A little over 10 years ago, a then-86-year-old Huang Yung-fu faced a dilemma. The Taiwanese government was threatening to knock down his village, as he was the last remaining resident, in attempts to build a more modern apartment complex. He was offered money to pack up his home and move elsewhere, but couldn’t bear the thought of leaving the only home he’d ever known in Taiwan. That’s when he started painting.
Huang, now affectionately known as “Rainbow Grandpa,” was born in China. After fighting in the Sino-Japanese War and World War II, he fought for the Nationalist Party over Mao Zedong’s Communist government. When the Nationalists lost, he and 2 million others fled to Taiwan. It was here that he was housed in a makeshift village put together hastily for incoming members of the military and their families. What was meant to be a temporary solution eventually became home.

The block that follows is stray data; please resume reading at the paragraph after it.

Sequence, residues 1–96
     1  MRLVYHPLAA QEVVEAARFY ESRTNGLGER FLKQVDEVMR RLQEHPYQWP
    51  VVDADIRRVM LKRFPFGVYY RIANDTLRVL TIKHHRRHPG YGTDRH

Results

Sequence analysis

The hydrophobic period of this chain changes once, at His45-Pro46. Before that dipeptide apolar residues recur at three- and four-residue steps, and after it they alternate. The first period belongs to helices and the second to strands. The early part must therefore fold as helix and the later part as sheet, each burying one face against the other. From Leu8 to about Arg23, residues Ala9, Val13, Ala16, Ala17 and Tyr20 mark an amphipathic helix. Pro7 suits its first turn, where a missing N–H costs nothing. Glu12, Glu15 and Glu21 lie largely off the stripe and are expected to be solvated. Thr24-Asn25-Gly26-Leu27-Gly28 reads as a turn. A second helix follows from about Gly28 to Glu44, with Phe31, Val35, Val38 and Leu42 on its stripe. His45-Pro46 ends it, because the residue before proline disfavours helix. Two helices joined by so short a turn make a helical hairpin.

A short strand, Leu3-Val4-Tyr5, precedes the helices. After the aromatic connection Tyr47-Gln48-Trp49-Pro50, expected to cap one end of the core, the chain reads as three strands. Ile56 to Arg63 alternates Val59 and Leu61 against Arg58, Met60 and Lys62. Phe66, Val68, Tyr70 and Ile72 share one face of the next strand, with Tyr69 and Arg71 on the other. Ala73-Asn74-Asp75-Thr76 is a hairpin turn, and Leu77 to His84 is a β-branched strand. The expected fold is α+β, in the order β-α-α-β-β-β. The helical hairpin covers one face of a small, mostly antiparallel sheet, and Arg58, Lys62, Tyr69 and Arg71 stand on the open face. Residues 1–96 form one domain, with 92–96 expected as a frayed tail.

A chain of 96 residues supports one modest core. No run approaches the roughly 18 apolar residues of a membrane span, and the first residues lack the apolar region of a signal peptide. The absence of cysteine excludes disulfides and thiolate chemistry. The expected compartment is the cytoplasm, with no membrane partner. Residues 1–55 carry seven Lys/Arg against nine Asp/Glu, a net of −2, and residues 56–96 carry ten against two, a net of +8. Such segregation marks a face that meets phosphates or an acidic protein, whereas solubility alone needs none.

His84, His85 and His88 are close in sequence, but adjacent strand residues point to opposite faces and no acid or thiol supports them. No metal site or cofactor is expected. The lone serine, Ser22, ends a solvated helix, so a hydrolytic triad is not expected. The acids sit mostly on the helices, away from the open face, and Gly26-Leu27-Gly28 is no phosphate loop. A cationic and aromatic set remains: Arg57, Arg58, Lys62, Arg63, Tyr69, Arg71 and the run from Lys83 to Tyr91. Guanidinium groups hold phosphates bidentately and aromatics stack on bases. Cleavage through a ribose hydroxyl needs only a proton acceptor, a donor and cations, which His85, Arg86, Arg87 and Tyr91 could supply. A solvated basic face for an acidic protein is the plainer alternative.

So, it came as a shock when, 40 years later, it looked like his home was going to be obliterated. “When I came here, the village had 1,200 households and we’d all sit and talk like one big family,” Huang shared with BBC. “But then everyone moved away or passed away and I became lonely.” With nowhere to go, he turned to art to ease his suffering.
First, he painted a small bird on his bungalow. It continued with cats, birds, and people that began flowing across the vacant buildings in the village. Then, in 2010, a local university student stumbled upon the village and after hearing Huang’s story, vowed to help. He snapped a few photos of the village and began a fundraising campaign and petition to save it from destruction.
The news quickly went viral and “Rainbow Grandpa” was born. Capturing the heart of the nation, the colorful village became a huge draw for tourists and it continues to bring over a million visitors each year. Best of all, Huang gets to keep his home.
“The government has promised me they will keep this house and this village,” he said. “I was so happy and thankful.”